She is in charge of caring for the rich collection of administrative records owned by Galway County Council and says “these records are as much part of our history as the Rock of Cashel is. They document our lives and our ancestors’ lives. And nobody can plan for the future unless you learn from the past, what worked and what didn’t”.

Archivists and librarians are often unfairly regarded as being dry, academic types, but that’s certainly not true of Patria. Her enthusiasm is infectious as she turns the pages of several minute books from Galway’s Rural District Councils, all of them at least 100 years old.

Part of her role involved cataloguing all the records of the Councils – Ballinasloe, Clifden, Galway, Gort, Loughrea, Mountbellew, Portumna and Tuam. These records mostly consisted of minutes of various meetings.

When she was cataloguing them she realised their worth to local historians and researchers, so she decided to compile a guide to their content. The result is For the Record: The Archives of Galway’s Rural District Councils, which will be a valuable asset to anybody with an interest in history.

Many representatives on these Councils were local personalities and several were arrested during the political upheaval of the era, she explains.

And, ushering in a new era in history, women were allowed to sit on these Rural District Councils – at the time they were not allowed to sit on County Councils.

All of this information is included in Patria’s introductory essay to the attractively produced A4 size guide, which gives a glimpse into how these Rural Councils operated and the way political thinking changed in Ireland during a short 26-year period. In the early 1900s, these Councils supported Home Rule, but by 1920, they were calling for full independence and refusing to recognise the British administration.

“I love the tone,” says Patria of the minutes from meetings. “The language was very emotive.”

That was certainly true of the Gort Rural District Council. At a meeting in 1907, following riots in Dublin at the premiere of JM Synge’s play, The Playboy of the Western World the councillors’ response was vehement. They recorded their decision to “protest most emphatically against the libellous comedy, The Playboy of the Western World, that was belched forth during the past week in the Abbey Theatre, Dublin, under the fostering care of Lady Gregory and Mr Yeats. We congratulate the good people of Dublin in howling down the gross buffoonery and immoral suggestions that are scattered throughout this scandalous performance.

 

For more from the archives see this week’s Tribunes here

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Real Galway flavour to intermediate club hurling battle in Birr

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Date Published: 23-Jan-2013

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Athenry fail to take chances as they bow out of Junior Cup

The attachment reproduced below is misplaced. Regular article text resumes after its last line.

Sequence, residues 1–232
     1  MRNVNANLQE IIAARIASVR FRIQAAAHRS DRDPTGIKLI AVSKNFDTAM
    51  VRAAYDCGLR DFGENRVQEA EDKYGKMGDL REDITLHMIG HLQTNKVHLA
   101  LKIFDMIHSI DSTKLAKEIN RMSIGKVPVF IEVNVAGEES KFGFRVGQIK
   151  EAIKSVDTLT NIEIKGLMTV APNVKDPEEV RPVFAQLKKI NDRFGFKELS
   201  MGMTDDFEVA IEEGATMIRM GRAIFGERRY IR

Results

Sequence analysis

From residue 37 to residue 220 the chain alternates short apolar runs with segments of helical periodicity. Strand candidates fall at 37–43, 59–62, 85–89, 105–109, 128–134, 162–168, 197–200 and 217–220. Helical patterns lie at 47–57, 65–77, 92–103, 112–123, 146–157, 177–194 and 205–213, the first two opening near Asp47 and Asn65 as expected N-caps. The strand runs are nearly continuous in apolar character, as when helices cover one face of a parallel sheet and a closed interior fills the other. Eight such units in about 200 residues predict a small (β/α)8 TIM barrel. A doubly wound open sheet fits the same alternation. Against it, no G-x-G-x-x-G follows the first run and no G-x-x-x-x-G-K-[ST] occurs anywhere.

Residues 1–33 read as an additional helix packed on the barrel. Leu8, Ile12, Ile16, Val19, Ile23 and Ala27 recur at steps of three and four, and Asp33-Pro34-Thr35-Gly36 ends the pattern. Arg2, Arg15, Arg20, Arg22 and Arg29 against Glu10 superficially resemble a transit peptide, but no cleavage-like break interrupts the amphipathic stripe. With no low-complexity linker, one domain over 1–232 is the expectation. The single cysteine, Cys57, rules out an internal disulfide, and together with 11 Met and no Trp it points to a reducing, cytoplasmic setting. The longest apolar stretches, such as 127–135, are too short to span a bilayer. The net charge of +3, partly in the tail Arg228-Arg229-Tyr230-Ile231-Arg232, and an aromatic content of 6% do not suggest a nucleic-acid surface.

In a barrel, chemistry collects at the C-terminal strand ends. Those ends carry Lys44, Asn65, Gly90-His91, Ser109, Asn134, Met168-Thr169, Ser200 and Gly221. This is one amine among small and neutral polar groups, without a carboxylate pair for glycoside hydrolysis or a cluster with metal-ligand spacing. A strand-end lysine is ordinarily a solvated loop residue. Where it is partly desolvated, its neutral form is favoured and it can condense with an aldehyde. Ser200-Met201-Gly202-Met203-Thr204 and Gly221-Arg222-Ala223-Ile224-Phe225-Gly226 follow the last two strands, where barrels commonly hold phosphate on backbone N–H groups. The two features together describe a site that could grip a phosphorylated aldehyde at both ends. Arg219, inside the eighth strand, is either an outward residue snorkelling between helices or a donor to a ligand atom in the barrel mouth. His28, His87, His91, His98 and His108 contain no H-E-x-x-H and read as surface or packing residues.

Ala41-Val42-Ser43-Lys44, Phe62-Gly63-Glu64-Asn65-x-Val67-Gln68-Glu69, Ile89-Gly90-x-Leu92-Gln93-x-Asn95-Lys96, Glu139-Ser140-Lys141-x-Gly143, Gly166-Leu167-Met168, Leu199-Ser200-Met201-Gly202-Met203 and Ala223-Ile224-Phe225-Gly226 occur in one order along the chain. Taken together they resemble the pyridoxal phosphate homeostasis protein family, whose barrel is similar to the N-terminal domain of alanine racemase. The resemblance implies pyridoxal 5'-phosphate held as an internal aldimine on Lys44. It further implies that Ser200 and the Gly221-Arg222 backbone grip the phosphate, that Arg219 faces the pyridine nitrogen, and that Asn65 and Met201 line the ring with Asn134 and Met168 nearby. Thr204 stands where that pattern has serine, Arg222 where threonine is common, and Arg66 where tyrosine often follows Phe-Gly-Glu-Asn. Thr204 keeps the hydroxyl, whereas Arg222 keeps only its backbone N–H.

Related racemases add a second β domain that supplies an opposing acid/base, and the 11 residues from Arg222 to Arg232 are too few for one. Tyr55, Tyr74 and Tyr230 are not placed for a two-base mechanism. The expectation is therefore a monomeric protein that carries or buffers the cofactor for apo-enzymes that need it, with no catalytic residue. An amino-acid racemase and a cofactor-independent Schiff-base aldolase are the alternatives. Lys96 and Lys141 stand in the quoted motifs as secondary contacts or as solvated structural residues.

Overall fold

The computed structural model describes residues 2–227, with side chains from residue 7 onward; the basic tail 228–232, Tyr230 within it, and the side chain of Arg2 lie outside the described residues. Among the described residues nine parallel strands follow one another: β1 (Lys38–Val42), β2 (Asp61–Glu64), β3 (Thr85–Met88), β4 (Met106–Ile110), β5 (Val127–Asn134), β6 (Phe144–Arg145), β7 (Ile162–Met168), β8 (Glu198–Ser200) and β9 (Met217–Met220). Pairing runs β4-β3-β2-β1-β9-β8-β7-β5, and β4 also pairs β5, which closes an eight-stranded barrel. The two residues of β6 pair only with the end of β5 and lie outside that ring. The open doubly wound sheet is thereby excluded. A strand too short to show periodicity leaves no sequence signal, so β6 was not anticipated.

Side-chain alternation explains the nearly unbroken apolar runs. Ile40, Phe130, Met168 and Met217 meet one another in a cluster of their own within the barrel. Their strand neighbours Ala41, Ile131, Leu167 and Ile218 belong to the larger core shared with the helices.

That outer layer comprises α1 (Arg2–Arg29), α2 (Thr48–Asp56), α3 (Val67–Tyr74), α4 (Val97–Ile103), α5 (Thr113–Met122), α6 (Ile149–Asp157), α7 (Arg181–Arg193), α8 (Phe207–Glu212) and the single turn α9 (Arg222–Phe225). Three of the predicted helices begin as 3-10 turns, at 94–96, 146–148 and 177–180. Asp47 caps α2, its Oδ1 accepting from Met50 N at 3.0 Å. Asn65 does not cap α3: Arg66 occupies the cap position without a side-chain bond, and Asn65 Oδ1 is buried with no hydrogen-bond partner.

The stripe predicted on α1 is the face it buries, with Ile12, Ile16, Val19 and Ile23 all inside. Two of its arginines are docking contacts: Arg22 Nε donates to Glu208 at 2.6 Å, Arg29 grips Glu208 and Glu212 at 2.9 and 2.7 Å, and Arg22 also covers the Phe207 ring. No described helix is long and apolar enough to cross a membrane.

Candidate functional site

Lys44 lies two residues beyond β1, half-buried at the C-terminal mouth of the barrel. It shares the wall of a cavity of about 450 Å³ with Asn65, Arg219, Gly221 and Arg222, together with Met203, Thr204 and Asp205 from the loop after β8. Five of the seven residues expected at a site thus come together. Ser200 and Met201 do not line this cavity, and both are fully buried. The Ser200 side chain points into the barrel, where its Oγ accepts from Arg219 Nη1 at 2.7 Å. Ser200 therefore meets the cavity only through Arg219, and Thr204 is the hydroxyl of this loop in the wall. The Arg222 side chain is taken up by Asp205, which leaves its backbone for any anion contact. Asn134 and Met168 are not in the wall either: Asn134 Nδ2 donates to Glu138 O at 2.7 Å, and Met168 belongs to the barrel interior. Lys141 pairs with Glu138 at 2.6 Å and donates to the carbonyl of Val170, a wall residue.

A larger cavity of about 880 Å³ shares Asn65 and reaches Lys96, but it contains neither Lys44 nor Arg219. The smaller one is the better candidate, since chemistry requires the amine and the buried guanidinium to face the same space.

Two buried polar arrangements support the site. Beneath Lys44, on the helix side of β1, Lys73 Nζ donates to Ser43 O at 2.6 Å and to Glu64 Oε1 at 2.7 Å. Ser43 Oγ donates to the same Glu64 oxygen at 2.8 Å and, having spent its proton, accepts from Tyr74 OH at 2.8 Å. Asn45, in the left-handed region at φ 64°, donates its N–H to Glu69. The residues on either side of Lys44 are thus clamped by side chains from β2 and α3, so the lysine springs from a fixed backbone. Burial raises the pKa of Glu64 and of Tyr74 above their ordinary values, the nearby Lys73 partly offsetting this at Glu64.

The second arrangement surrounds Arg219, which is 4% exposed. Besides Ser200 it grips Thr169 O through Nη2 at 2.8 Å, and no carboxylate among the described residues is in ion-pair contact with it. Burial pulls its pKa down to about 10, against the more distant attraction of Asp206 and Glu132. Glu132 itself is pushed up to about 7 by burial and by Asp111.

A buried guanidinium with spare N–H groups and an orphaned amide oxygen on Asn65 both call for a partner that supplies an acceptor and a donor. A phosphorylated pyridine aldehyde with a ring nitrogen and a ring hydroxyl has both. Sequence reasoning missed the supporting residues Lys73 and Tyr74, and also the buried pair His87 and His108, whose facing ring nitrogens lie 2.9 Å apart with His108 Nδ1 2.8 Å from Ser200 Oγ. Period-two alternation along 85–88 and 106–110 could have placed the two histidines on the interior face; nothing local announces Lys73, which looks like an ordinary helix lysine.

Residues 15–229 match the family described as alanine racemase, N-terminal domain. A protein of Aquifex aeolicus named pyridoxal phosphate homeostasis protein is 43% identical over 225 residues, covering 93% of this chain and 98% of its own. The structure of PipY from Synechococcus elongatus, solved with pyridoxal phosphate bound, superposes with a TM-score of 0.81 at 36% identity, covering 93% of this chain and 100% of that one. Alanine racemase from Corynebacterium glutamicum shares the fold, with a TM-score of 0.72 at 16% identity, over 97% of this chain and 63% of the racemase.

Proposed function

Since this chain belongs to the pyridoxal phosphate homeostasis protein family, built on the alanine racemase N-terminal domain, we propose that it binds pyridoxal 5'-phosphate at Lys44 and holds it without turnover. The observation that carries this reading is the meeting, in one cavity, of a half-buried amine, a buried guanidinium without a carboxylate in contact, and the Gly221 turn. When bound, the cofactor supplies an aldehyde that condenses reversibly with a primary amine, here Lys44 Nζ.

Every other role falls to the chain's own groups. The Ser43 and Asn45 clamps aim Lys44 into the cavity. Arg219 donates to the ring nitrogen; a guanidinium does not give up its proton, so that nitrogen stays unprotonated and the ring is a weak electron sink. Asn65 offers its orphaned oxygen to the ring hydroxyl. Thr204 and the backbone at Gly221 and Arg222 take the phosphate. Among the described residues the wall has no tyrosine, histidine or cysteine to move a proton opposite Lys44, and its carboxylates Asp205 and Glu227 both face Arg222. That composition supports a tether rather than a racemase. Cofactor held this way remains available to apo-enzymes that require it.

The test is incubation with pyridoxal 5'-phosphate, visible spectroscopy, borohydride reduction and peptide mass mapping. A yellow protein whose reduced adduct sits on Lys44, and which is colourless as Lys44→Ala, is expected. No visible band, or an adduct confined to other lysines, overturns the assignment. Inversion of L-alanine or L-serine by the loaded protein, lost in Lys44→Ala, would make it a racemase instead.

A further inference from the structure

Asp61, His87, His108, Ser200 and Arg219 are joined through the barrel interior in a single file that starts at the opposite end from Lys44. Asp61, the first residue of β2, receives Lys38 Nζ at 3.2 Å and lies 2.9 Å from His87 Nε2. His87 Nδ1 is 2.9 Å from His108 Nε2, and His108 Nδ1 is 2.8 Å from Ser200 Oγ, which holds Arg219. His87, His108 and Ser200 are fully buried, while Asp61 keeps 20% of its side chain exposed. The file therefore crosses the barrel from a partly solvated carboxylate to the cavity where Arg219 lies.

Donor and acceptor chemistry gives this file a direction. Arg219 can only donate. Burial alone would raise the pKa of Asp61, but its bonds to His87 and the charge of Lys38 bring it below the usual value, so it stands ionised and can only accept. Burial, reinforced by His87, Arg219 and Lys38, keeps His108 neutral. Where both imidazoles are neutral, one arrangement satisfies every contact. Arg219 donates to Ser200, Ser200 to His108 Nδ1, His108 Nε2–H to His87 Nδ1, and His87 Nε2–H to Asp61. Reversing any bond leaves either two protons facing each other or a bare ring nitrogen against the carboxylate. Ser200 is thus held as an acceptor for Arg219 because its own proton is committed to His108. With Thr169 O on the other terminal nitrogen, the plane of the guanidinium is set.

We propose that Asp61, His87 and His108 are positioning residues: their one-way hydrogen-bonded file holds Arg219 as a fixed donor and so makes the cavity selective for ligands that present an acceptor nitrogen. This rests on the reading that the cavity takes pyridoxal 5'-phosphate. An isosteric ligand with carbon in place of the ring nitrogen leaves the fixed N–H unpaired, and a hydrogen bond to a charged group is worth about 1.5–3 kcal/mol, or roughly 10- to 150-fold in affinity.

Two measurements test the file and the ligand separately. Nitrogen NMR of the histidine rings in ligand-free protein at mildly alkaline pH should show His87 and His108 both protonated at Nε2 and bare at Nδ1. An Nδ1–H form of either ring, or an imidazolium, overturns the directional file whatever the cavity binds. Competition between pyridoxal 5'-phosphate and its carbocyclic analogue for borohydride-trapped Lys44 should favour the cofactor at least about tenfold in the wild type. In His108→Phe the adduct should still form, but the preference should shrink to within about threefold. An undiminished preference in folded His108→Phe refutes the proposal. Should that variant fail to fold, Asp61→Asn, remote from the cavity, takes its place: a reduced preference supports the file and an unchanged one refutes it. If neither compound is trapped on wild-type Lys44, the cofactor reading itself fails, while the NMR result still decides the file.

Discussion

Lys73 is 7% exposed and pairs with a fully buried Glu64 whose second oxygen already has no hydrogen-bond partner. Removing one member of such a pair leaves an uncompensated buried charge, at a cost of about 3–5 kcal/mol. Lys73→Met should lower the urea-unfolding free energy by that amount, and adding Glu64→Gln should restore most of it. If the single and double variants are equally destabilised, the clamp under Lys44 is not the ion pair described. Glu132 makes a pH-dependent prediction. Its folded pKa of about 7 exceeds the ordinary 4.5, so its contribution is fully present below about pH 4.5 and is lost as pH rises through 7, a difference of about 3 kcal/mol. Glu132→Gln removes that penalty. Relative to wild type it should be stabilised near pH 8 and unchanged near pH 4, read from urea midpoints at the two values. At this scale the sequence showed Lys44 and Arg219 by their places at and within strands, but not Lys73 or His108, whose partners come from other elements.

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Date Published: 29-Jan-2013

Athenry FC 1

Kilbarrack United 2

(After extra time)

For the second year in succession Athenry were done in extra time in the FAI Junior Cup as last season’s beaten finalist’s came from behind to snatch an excellent game in Moanbawn on Sunday afternoon.

On a heavy pitch that was only playable following extensive groundwork by club officials all morning, the home side were by far the better side in the opening half, but failed to take advantage of a number of opportunities that came their way.

An Alan O’Donovan penalty gave them a merited advantage just after the restart, but thereafter were on the back foot as Kilbarrack took over, but for all their pressing, the home rearguard were dealing comfortably with their forays.

However they were struck a body blow just six minutes from time, as big striker Keith Kirwan was left all alone at the far post to head the equaliser and from that point on the Dubliners were the better side.

They started off the extra time in the ascendancy and enjoying all the momentum before striking for a good winning goal on 104 minutes. A strong bench allowed them to make some necessary changes and it was not a facility that was available to Athenry manager Gabriel Glavin.

With Gary Forde and Gary Delaney out through suspension following their sending off against OLBC in the previous round, and Seamie Crowe injured, it left their bench rather threadbare with just a number of young squad players available.

Playing with the aid of the slight incline and any wind advantage going, the home side had a Connor Cannon effort on target in the opening minute, while John Meleady was just over with a flick at the other end.

Meleady then tested Andrew Walsh who saved comfortably, before the goalkeeper pulled off a brilliant double save on 14 minutes.

Firstly he went full length to push away a Meleady shot and was then back on his feet to parry David Jackson’s close-range rebound.

For more, read this week’s Connacht Sentinel.